How do I know if therapy is covered by my insurance?
Navigating your insurance plan can be difficult. If you plan to use your insurance benefits, it is important for you to be well informed about your coverage and understand your out of pocket costs.
It may be helpful to call the number on the back of your card to inquire about your benefits. Below is a list of questions you may consider asking:
- Do I have a co-pay or co-insurance?
- Do I have a deductible and if so, has it been met?
- Is there out of network reimbursement?
- How many sessions per year are covered?
- What month does the coverage end or begin?
- Is a referral required for mental health treatment?
- Does my insurance cover Telemental Health services?
- Is pre-approval or "prior authorization" required for any services?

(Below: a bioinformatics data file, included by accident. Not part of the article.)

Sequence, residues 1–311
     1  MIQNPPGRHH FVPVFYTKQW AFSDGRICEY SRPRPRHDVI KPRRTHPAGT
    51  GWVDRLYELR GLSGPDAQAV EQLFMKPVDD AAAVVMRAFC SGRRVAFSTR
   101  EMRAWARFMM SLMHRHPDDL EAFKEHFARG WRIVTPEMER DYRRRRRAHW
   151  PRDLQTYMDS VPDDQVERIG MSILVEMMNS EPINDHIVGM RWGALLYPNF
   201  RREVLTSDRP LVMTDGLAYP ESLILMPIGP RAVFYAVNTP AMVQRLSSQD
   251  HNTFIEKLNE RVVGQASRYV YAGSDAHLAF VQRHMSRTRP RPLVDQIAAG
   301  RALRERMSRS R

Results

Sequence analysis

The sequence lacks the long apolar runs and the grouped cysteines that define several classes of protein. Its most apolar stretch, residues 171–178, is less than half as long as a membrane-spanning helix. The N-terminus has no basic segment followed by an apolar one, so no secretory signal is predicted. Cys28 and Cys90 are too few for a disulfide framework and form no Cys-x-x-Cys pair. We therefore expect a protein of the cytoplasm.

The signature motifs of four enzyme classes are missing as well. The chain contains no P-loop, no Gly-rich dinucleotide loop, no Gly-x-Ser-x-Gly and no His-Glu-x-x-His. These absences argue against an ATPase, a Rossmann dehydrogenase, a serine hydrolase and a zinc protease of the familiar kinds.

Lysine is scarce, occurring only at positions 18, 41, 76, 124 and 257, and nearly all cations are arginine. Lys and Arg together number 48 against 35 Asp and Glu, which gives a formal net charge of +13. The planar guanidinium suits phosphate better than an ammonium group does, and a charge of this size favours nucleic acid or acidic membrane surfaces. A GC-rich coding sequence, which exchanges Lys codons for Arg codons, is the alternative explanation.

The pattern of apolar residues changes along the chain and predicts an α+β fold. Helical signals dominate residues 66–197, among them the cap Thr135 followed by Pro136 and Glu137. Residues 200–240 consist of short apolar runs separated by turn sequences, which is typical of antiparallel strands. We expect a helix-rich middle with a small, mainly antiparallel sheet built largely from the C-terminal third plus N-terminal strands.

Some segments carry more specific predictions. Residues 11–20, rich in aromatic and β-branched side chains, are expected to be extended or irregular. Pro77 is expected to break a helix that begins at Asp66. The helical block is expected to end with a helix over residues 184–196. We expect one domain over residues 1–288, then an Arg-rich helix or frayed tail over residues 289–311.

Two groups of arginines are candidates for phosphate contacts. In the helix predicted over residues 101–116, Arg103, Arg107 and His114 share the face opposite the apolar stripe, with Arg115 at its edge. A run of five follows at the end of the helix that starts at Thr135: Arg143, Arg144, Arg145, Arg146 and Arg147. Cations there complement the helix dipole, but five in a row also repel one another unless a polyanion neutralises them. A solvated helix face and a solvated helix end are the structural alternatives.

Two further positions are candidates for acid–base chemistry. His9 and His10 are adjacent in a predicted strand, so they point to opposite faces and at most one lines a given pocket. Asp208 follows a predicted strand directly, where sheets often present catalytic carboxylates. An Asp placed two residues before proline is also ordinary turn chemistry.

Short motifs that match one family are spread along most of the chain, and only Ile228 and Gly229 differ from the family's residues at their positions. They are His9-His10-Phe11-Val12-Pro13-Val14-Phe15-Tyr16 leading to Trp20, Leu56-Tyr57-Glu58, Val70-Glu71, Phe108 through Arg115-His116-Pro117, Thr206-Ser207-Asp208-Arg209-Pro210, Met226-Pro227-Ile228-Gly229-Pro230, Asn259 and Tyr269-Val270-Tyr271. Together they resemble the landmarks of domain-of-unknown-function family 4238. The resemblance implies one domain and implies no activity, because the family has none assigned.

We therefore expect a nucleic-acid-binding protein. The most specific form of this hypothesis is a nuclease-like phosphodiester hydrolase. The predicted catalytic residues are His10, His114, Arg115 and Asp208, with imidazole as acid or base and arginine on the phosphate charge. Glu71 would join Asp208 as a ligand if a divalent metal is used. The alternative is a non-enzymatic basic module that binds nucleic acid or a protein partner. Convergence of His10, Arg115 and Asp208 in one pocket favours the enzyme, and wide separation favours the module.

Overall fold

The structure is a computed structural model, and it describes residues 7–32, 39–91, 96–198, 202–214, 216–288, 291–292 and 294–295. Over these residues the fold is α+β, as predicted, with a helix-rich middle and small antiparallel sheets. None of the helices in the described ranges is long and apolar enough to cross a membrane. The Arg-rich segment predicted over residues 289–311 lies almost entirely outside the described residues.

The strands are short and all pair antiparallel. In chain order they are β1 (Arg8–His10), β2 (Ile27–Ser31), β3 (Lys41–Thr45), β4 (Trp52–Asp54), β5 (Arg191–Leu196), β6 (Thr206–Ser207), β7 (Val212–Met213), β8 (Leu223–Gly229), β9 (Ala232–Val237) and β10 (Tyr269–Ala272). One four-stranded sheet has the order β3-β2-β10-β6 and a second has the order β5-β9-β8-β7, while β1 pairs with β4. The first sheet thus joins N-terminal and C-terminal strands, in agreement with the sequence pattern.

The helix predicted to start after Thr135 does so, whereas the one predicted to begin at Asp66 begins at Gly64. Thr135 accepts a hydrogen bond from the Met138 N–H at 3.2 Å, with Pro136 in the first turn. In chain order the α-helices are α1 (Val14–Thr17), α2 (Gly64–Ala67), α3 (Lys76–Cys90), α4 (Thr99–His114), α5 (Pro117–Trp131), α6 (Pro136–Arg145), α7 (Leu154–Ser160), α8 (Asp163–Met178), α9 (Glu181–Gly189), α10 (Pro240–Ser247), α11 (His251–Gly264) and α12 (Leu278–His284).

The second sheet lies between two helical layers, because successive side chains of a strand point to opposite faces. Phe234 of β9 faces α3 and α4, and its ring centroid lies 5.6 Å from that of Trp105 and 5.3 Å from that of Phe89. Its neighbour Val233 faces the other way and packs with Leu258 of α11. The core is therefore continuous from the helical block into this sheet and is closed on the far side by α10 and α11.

What is Telemental Health?
There is much more hype over Telemental Health services lately. Many insurance plans are now covering Telemental Health due to the benefits associated with the service. Chapter 224 of the Massachusetts Acts of 2012, Blue Cross defines telemedicine as the use of interactive audio, video, or other electronic media for the purpose of diagnosis, consultation, or treatment. Collective Counseling Center, LLC provides telemental health through video conferencing over a secure HIPAA compliant platform. Services are delivered in real time communication between the client and provider. There are many benefits and risk to using Telemental Health, which will be explained to you if you choose to utilize this tool. Feel free to reach out for more information!
What if I do not want to go through my insurance?